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1 March 2010 Habitat Quality and Population Size as Determinants of Performance of Two Endangered Hemiparasites
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Abstract

Optimal understanding of biodiversity threats must consider the effects of population size and habitat quality on population viability. I examined the effects and relative importance of these factors for the performance of two endangered hemiparasitic plants, Melampyrum cristatum and M. arvense in Finland. I surveyed 18 M. cristatum and 14 M. arvense populations. Both habitat quality and population size influenced the performance of M. cristatum. By contrast, the performance of M. arvense was determined by habitat quality, but not influenced by population size. Habitat quality was improved in managed M. cristatum populations, which translated into greater hemiparasite performance in these populations. Degradation of suitable habitats has likely decreased the performance of the two endangered hemiparasites, resulting in reduced population sizes. The results highlight the importance of considering simultaneously population size effects and habitat quality. Habitat management seems to be the key to sustain or increase the viability of the hemiparasite populations, but the timing and intensity of management should be considered.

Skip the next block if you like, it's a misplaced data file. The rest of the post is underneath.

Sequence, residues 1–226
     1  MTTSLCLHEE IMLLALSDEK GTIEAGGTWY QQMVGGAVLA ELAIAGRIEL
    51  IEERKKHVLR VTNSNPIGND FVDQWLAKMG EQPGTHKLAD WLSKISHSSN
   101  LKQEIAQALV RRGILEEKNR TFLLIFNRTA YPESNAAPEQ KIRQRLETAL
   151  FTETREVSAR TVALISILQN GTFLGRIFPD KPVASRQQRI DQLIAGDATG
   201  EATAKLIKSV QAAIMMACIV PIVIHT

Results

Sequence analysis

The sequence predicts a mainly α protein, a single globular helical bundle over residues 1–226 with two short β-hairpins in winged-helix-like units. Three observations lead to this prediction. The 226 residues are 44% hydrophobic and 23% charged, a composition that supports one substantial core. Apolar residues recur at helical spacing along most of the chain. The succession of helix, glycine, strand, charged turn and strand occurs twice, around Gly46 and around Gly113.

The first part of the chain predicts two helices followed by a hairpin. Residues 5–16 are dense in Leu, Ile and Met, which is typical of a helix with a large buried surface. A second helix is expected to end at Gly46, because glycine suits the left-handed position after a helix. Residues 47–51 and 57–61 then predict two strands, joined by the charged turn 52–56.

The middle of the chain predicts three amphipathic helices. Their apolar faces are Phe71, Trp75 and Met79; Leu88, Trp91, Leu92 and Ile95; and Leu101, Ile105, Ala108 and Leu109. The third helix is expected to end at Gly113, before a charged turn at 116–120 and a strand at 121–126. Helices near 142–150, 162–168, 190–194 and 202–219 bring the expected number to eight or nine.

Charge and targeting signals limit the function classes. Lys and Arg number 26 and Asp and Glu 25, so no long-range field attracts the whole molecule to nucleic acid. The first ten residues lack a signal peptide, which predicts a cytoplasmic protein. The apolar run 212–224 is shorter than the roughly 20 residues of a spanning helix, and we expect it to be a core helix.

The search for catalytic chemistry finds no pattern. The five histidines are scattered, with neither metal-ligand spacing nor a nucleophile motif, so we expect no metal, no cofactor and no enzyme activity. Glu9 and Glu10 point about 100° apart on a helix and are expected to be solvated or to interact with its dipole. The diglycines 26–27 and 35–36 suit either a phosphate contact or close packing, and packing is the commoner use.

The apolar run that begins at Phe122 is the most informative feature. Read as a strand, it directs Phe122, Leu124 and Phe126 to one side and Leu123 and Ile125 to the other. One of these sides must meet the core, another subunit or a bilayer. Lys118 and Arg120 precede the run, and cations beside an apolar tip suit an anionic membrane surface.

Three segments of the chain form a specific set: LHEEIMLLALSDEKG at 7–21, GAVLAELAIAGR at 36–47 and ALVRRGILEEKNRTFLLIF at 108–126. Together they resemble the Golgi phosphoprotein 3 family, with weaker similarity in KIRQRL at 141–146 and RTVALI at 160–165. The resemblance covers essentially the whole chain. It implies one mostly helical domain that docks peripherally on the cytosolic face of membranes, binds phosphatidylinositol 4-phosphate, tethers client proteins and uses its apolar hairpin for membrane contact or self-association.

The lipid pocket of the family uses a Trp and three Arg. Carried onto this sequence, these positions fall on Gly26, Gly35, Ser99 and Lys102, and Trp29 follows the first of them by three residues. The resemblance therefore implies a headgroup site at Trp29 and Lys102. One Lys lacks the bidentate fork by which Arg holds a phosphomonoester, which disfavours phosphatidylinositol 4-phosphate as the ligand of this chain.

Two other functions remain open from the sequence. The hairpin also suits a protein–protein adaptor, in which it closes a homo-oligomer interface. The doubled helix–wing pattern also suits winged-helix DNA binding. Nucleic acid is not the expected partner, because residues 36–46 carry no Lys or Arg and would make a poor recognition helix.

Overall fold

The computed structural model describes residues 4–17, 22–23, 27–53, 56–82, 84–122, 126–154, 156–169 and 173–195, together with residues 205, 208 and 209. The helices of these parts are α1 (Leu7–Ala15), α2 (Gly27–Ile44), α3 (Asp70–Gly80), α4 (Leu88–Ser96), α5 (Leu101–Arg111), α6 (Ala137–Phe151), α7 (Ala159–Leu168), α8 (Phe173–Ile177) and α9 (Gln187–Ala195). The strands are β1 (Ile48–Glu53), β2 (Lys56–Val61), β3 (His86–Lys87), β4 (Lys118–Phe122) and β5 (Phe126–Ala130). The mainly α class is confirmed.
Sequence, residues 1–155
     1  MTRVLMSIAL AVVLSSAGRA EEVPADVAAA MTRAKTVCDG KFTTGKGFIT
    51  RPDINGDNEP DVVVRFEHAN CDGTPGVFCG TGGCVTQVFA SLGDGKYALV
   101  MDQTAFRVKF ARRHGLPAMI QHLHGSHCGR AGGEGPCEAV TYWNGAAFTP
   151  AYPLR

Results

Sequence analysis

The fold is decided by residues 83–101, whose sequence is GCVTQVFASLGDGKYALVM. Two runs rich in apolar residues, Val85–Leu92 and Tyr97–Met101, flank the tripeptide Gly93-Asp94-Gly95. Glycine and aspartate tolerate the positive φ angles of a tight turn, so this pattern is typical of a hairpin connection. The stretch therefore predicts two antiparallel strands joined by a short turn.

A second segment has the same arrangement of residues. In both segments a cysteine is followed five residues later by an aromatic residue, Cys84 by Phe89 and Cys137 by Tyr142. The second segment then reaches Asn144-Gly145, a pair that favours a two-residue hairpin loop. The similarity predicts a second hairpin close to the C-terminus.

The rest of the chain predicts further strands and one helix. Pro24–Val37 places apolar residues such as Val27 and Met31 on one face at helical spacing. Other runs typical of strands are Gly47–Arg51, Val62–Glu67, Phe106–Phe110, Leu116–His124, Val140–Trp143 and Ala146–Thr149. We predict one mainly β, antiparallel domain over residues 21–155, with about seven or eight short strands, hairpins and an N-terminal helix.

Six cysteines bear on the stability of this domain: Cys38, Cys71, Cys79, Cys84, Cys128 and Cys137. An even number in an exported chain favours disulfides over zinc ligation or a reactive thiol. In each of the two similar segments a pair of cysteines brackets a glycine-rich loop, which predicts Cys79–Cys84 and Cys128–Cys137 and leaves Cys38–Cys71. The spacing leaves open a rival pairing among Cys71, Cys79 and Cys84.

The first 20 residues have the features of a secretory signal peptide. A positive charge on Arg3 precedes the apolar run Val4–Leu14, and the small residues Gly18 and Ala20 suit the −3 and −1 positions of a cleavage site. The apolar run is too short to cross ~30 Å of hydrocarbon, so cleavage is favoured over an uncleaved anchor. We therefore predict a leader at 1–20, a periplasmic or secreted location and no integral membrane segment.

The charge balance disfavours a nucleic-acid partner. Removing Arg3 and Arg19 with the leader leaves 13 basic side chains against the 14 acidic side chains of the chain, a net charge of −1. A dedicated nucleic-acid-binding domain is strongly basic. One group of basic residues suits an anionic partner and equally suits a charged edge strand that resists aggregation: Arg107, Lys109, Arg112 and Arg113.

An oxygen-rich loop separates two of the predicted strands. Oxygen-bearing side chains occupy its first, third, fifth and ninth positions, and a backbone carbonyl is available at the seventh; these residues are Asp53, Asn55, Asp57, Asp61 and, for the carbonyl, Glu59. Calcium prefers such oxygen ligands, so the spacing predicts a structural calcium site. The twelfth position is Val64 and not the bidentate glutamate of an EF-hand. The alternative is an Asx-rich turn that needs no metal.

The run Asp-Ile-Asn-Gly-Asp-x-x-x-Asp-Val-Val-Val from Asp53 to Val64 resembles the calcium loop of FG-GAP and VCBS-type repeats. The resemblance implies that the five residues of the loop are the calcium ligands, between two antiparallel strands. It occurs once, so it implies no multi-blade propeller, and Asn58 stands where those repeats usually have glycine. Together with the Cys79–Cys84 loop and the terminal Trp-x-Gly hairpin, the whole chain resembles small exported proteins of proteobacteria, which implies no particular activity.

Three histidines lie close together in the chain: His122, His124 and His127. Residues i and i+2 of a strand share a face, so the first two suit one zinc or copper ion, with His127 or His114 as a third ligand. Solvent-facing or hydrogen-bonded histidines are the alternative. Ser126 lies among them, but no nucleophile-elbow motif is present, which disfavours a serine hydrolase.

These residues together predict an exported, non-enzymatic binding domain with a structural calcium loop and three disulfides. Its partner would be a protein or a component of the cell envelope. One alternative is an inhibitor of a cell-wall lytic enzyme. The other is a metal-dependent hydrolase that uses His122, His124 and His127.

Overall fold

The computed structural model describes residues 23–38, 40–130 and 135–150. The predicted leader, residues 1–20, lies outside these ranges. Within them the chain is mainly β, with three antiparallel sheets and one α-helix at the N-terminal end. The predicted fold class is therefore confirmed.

© Finnish Zoological and Botanical Publishing Board 2010
Roosa Leimu "Habitat Quality and Population Size as Determinants of Performance of Two Endangered Hemiparasites," Annales Botanici Fennici 47(1), 1-13, (1 March 2010). https://doi.org/10.5735/085.047.0101
Received: 28 July 2008; Accepted: 1 March 2009; Published: 1 March 2010
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